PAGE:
Sea Levels Rising

When Lake Michigan climbs the bluff
claws her way up up up past riprap
dropped to stabilize the bank she
clutches weeds saplings the trunks of
trees she hauls her dripping body to
the top stops to admire the view from
an Adirondack chair in someone’s yard
moves into a mansion for a brief respite
swims in the indoor pool with zebra
mussels still clinging to her green
algae-tangled hair sleeps in a queen-
size bed surrounded by windows that
crack from the roar of her outsized snore
tries to make a fire but can’t find
a dry match finally gives up bursts
through the front door rushes across
the lawn to the street where she flows
gradually west seeps into every home
liberates tropical fish gushes up a slope
until she comes to a single-story flat-
roofed house almost square in shape
which she lifts from its foundation
and tows like a toy in her wake while
an old woman sits inside at a small desk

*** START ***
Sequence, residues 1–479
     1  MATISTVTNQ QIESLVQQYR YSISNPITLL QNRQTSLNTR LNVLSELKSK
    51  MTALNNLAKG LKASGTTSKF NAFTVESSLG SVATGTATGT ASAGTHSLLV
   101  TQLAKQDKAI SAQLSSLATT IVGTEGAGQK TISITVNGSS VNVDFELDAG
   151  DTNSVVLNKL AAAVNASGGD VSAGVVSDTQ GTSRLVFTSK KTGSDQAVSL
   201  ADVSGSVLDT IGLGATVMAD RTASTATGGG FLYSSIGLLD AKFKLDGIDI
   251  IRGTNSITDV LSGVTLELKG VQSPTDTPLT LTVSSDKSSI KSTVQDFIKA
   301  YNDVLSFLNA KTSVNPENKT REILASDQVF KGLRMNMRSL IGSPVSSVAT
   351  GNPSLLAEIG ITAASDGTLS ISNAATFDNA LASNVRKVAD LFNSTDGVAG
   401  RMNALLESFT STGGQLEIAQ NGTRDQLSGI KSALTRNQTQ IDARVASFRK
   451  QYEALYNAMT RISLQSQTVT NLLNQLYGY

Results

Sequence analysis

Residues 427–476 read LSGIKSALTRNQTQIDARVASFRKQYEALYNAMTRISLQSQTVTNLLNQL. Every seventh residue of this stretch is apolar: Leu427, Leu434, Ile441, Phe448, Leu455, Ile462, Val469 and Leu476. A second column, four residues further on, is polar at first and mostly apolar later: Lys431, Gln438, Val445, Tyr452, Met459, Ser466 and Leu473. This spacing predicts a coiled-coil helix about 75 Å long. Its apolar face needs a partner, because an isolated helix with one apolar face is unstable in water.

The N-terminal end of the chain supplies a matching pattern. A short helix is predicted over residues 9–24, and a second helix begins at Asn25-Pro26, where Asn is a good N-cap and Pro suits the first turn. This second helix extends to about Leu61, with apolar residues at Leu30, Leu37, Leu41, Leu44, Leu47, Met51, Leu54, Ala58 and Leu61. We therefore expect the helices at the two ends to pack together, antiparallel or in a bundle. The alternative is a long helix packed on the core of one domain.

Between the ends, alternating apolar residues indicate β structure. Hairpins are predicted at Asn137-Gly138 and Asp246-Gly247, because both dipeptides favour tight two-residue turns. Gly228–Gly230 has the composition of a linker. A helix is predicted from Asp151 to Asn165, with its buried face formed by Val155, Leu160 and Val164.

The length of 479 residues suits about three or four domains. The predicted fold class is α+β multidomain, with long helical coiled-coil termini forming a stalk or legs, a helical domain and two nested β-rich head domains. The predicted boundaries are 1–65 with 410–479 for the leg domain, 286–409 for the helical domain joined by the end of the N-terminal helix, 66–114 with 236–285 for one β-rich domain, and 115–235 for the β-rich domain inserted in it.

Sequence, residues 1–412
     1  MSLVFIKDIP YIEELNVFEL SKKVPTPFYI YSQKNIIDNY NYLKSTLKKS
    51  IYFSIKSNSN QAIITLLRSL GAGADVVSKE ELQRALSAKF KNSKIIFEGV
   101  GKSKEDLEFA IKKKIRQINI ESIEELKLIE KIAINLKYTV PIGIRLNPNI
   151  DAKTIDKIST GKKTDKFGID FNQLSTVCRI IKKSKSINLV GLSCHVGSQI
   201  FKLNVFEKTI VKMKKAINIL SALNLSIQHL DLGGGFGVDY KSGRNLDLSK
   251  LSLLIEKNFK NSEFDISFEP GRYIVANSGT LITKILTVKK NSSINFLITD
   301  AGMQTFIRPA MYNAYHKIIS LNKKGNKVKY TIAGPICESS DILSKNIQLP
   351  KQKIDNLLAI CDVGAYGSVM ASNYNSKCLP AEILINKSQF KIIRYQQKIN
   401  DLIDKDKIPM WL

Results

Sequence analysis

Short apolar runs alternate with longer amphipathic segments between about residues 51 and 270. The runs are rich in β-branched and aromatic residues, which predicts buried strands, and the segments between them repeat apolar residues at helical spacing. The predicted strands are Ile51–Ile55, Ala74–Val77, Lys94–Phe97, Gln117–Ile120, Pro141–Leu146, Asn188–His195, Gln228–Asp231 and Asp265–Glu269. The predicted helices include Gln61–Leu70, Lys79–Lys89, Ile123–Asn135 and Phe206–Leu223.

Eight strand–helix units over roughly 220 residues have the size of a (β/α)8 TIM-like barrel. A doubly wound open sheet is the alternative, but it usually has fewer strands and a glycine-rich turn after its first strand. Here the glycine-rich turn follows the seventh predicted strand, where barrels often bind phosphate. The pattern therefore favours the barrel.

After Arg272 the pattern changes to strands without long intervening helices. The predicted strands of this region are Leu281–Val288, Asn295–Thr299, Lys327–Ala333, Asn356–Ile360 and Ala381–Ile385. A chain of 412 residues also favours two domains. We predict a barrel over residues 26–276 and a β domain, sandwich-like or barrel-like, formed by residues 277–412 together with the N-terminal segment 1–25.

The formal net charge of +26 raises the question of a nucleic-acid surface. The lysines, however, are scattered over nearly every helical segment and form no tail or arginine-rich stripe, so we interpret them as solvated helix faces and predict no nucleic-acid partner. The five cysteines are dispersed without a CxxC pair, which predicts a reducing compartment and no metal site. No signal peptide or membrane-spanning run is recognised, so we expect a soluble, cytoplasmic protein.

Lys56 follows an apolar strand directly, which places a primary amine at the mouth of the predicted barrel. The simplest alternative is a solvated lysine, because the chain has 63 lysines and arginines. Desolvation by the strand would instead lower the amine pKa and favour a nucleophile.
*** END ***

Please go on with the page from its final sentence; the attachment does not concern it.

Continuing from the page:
pen in hand sifting her brain for
something remarkable to recount to her
sister in a nursing home five states away
not even noticing a change in the view
though she does feel a bit more adrift
than usual and can’t help wishing
something extraordinary would happen
to make her letter more exciting but
so far nothing has and she doubts it will

first published in Seems

Today I Threw
My Watch Away

Now if anyone
asks the time
I can say
a stanza past
a lyric before
lunch, not
sorry to be
imprecise but
grateful for
the privilege
of an uncuffed
wrist, sprung
from the workings
of minutes
and hours,
mocking tick-
tocking in all
its guises,
convinced that
the sun, even
when left to its
own devices,
gloriously rises.

first published in
The South Carolina Review

Inside Out

Shake winter if you can —
like an old rug in a mudroom
flecked with birdseed waste
once cased in ice that your
boots tracked into the house.

Shake it over snow, so any
tiny, unused seeds can grow —
only to be weeded out by you
in spring when mud’s the
clutter that you bring inside.

Boots, snow, birdseed, hungry
doves, grubby mats, sprouting
plants, mud-caked clogs —
you go from season to season
acquainting and reacquainting

the outside with the inside,
the inside with the out. Do you
doubt the value of this exchange?
No, you don’t — not while
you’re able to heft a rug and

stomp a shoe, listen to birds
chirp, whistle, coo, trill. This
is your part in life: track mud
and waste into the house, shake
the mat, put fresh seed out.

first published in Peninsula Pulse
Honorable Mention, The Hal Grutzmacher 
Writers’ Exposé, 2013